False Content

One of the reasons the term ‘fake news’ is so unhelpful, is because genuine content is often seen being re-circulated out of its original context. For example, an image from Vietnam, captured in 2007, re-circulated seven years later, was shared under the guise that it was a photograph from Nepal in the aftermath of the earthquake in 2015

Imposter Content

There are real issues with journalists having their bylines used alongside articles they did not write, or organisations’ logos used in videos or images that they did not create. And here is a list of some of those sites.

Manipulated Content

Manipulated content is when genuine content is manipulated to deceive.

Fabricated Content

This type of content can be text format, such as the completely fabricated ‘news sites’.


The aim of the exercise is for participants to be aware of the different levels that misinformation operates and what to look for when looking for information. The learning can be assessed throughout the discussion and the finding and discussing the different forms of communication.

information on the activity

This activity will show participants the mechanisms to spread so called "fake news" to audiences using traditional and online media.

Learners are able to

apply existing journalistic research skills regarding verification of information and sources with regard to reporting on migrants, ethnic/religious minorities, LGBTQIA+, people with disabilities, women, youth and senior citizens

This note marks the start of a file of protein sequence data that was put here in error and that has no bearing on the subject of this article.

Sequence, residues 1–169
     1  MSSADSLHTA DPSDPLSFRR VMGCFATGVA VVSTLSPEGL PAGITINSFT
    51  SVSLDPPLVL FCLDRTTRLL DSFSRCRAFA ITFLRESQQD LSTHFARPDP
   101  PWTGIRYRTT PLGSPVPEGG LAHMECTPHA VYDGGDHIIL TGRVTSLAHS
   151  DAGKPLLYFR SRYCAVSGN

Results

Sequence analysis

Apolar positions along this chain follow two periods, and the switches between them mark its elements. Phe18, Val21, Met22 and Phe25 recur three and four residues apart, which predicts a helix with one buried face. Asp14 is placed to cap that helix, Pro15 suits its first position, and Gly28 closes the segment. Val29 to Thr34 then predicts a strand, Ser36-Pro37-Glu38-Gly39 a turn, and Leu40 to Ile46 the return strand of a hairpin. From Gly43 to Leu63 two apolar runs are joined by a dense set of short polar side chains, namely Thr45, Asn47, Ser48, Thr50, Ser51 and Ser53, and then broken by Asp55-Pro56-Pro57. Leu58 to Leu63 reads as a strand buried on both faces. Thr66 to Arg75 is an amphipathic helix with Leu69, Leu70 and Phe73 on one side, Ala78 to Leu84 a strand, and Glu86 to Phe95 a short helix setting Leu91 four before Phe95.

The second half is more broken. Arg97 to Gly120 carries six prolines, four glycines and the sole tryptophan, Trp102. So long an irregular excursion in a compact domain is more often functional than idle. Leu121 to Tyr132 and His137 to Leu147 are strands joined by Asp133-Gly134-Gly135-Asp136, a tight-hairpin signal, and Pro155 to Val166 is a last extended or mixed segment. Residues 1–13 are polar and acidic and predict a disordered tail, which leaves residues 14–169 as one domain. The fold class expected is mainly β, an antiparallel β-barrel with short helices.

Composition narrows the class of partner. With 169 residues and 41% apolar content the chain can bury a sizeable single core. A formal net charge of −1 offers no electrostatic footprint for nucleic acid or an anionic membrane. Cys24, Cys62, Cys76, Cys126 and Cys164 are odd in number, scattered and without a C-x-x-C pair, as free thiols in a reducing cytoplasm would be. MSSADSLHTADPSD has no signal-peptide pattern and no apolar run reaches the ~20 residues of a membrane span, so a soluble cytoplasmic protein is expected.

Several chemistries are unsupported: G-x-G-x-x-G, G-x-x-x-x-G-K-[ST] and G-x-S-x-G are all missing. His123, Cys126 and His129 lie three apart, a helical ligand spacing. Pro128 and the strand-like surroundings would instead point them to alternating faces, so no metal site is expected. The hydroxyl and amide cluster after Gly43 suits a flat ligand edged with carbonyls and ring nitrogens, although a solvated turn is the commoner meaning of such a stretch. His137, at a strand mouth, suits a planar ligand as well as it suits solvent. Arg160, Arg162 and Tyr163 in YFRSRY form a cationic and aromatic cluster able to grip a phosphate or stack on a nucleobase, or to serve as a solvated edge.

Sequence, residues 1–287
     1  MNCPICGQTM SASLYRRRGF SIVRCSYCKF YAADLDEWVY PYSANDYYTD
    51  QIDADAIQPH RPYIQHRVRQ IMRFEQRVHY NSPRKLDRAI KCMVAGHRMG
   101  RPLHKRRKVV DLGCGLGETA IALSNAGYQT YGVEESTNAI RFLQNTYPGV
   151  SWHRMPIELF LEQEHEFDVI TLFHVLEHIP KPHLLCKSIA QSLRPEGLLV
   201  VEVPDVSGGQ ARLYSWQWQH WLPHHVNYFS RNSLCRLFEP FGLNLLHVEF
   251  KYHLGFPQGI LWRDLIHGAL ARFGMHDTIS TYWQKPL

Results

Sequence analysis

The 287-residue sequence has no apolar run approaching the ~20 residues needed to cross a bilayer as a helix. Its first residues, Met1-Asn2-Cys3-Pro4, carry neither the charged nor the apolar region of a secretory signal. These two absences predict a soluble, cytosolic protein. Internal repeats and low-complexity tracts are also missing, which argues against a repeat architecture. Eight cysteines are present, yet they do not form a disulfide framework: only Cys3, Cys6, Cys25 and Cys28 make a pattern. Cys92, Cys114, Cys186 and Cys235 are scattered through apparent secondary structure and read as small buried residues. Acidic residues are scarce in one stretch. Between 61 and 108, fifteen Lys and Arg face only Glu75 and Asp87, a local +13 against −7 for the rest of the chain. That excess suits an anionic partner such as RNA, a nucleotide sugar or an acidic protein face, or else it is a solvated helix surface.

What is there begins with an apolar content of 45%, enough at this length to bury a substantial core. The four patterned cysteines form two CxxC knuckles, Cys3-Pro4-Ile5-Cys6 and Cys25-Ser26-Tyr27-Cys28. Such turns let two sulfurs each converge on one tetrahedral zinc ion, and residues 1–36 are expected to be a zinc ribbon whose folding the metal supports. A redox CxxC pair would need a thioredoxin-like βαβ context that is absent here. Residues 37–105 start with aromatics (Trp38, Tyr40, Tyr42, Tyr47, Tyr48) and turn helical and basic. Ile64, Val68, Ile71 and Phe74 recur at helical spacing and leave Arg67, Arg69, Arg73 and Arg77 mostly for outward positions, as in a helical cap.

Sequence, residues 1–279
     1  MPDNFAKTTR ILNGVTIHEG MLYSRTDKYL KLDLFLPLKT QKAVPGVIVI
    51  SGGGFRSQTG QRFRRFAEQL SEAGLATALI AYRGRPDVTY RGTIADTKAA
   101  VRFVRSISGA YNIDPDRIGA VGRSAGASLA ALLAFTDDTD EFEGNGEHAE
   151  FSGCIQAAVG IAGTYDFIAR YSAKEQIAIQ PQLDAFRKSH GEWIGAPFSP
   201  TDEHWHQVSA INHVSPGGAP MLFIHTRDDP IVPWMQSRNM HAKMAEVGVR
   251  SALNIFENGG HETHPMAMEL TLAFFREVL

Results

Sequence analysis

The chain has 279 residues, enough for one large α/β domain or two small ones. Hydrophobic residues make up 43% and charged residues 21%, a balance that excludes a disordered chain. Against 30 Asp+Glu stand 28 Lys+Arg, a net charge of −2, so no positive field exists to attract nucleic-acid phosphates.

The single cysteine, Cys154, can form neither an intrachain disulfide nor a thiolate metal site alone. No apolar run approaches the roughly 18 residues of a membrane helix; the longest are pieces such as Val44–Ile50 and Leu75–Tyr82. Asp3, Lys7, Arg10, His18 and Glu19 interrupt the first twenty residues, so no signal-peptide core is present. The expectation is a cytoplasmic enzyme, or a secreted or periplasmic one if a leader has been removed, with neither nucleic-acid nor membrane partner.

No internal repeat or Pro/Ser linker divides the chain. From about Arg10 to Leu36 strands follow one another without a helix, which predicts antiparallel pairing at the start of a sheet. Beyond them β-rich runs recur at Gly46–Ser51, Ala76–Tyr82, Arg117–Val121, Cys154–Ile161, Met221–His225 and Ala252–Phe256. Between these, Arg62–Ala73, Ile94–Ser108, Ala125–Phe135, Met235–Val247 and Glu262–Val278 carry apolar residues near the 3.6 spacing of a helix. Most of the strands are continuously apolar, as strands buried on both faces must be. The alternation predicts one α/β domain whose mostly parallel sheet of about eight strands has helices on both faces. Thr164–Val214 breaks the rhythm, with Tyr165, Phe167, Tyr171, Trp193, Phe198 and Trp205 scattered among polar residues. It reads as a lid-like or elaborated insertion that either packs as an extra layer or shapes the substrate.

A room with chairs and tables


Laptops, tablets or smart mobile phones for the research

Laptop, Projector and PC speakers


Pens and several copies of the table on the misinformation, disinformation communication (see under Description of the Activity).


60 minutes




This activity relies heavely in examples. Part of the activity will require participants to find examples of the different types of misinformation, but some might be prepared by trainer, just in case learners cannot find them.

There have been many uses of the term ‘fake news’ and even ‘fake media’ to describe reporting with which the claimant does not agree. A Google Trends map shows that people began searching for the term extensively in the second half of 2016.In this activity participants will learn why that term is a) inadequate for explaining the scale of information pollution, and b) why the term has become so problematic that we should avoid using it.

Unfortunately, the phrase is inherently vulnerable to being politicised and deployed as a weapon against the news industry, as a way of undermining reporting that people in power do not like. Instead, it is recommended to use the terms misinformation and disinformation. This module will examine the different types that exist and where these types sit on the spectrum of ‘information disorder’.